Using part of the gas lease and royalty earning is a good idea. We need to keep the Fort Worth arts scene strong. We need programs that engage our citizenry and visitors to explore and discover the power of music, theater and art.

-- Paul M. Dennehy,

Fort Worth

Commendable balance

Most people revere the works of art that mankind has produced.

Art serves to inspire others to excel within their own capabilities. It gives the less fortunate hope for a better future.

Unfortunately, mankind endures cycles of economic recessions whereby all citizens must conserve resources. It appears that the Task Force on Community Arts is taking a compatible course to reduce pressure or demand for additional funds.

This reflects a responsibility on the part of the task force that truly helps our economic woes.

The task force is to be commended for not only providing inspirational art to the community but being responsible in reducing expenses.

-- Grady Fuller, Kennedale

Patrons and taxpayers

Art patrons pay for the arts. Taxpayers are not art patrons. Arts folks are imaginative and could hold a festival for arts funding.

One example is the past annual Oktoberfest run by volunteers of the Symphony League of Fort Worth. It raised money for student concerts now funded by music patrons. Lorene Cecil, wife of U.S. Air Force Gen. Chester Cecil, originated the Symphony League's Oktoberfest in the Texas & Pacific Railway Terminal a year or two before Mayfest began.

Fort Worth is an arts town. Where are the arts patrons who will lay out sheets of paper or boards along the Trinity River so adults and kids can pay to "Paint Along the Trinity"?

Who will ask junior musicians to play along with a toot and a tweet or a "ta-da" to announce a painted tennis shoe contest, "Trinity tennies, " or food eating, lemonade drinking and art contest prizes?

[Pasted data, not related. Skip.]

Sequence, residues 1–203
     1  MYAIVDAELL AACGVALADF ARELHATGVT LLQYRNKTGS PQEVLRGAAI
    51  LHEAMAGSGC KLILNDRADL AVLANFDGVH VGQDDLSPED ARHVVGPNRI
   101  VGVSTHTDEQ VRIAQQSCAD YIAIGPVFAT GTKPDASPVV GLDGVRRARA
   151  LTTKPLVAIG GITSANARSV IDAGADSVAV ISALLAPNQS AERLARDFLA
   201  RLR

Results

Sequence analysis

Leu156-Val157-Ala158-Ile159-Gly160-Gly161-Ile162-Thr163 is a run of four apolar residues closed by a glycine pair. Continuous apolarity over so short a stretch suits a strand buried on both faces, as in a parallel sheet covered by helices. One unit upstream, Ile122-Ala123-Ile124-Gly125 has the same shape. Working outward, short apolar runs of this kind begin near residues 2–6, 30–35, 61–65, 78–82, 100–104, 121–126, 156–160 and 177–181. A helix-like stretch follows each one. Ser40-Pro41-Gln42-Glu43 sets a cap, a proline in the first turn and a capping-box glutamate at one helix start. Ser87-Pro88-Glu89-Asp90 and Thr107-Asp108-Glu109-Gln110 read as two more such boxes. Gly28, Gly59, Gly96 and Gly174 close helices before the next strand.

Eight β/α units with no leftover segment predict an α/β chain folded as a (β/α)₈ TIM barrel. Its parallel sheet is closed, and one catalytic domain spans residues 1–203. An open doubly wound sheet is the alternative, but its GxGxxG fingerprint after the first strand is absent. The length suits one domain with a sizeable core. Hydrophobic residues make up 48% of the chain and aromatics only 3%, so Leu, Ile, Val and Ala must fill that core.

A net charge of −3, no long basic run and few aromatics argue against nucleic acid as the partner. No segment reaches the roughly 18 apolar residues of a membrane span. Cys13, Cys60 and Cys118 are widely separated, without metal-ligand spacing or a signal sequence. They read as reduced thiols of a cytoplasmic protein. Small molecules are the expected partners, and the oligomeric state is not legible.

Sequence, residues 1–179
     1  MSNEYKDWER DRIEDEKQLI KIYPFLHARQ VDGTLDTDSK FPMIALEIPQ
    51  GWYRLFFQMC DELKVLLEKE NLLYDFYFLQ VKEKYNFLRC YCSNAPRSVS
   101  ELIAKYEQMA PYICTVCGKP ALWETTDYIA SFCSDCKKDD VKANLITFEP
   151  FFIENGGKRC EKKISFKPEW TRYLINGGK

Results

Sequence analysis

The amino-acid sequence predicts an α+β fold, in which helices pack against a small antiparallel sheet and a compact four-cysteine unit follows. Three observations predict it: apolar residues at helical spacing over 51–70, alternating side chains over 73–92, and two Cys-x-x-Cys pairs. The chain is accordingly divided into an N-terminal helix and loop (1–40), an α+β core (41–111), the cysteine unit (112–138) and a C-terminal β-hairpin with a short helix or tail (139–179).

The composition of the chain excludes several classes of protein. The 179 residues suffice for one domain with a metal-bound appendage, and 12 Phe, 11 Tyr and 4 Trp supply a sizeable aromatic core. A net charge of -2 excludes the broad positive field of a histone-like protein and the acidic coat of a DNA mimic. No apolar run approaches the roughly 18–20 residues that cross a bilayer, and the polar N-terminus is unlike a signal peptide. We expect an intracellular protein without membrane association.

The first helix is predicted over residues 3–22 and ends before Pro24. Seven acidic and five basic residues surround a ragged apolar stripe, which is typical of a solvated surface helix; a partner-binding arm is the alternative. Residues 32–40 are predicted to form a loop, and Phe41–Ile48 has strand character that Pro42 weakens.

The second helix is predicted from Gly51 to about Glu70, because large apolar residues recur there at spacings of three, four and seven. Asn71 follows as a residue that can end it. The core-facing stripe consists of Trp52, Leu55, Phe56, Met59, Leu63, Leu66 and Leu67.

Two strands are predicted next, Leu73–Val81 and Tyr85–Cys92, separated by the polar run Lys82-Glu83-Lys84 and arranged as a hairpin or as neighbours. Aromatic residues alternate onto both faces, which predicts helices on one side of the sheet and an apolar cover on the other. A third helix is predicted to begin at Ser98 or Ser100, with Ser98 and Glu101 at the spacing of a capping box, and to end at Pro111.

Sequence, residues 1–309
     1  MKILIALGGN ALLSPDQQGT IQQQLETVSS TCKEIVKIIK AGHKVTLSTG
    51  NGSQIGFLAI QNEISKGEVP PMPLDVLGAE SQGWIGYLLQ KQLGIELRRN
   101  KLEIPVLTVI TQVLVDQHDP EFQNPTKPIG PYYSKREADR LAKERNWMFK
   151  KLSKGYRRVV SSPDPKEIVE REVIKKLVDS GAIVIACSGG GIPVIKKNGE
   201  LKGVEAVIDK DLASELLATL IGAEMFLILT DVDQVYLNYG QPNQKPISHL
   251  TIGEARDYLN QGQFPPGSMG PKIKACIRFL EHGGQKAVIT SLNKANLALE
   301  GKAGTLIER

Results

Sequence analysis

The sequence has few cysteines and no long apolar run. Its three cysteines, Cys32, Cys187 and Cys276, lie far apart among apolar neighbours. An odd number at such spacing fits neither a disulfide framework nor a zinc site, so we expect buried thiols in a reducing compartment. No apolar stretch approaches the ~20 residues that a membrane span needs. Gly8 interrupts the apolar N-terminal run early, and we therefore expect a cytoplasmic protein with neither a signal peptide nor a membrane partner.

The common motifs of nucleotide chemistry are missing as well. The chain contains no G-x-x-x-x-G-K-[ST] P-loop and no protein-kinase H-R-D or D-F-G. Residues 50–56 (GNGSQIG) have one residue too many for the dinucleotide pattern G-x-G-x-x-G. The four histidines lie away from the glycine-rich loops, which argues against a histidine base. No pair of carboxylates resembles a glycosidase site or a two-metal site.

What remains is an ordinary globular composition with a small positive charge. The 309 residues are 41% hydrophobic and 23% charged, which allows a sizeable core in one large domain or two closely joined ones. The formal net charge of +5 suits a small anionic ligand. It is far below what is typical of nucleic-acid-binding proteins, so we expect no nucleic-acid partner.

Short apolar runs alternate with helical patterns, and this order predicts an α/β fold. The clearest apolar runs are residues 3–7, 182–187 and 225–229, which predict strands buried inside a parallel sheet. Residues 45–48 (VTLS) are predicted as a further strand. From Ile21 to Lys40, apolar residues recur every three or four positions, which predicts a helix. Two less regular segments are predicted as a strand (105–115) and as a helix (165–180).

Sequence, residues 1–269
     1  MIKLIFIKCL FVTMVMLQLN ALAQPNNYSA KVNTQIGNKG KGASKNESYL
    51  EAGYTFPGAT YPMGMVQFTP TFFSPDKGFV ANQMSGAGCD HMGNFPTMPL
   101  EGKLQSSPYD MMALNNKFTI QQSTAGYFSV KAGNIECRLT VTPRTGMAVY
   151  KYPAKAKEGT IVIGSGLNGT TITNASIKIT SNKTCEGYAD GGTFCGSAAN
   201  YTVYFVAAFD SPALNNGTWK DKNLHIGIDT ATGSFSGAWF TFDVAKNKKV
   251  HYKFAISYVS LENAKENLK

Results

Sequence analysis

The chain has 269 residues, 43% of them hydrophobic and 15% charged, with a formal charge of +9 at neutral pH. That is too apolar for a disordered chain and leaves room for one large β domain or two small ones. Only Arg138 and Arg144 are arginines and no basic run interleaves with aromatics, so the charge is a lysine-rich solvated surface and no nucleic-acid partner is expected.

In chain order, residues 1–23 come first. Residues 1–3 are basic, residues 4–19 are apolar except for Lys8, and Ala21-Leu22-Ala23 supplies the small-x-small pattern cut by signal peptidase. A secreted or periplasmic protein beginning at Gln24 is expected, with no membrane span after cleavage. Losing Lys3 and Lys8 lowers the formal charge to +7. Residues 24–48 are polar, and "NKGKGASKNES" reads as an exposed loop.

-- Beverly Branham, Fort Worth

Push harder

No, the task force should push back at least as hard as the line the city took when it cut funding for the arts and Sister Cities.

The arts and Sister Cities bring visitors to Fort Worth, visitors that stay in hotel rooms, eat in restaurants, pay for entertainment and shop in retail stores. I'm pretty sure most of these activities create jobs and income for employees in these industries and are subject to city taxes.

The task force should request funding from all sources: royalty funds, the general fund and hotel taxes. There needs to be a long-term solution, not a stopgap.

The arts and Sister Cities contribute financially to the welfare of this city in ways many people don't see, and the task force should not be hesitant to ask for some of that money back.

-- Deb Wood, Fort Worth,

Arts Fifth Avenue managing director

Looking for comments?

We welcome your comments on this story, but please be civil. Do not use profanity, hate speech, threats, personal abuse, images, internet links or any device to draw undue attention. Our policy requires those wishing to post here to use their real identity.

Our commenting policy | Facebook commenting FAQ | Why Facebook?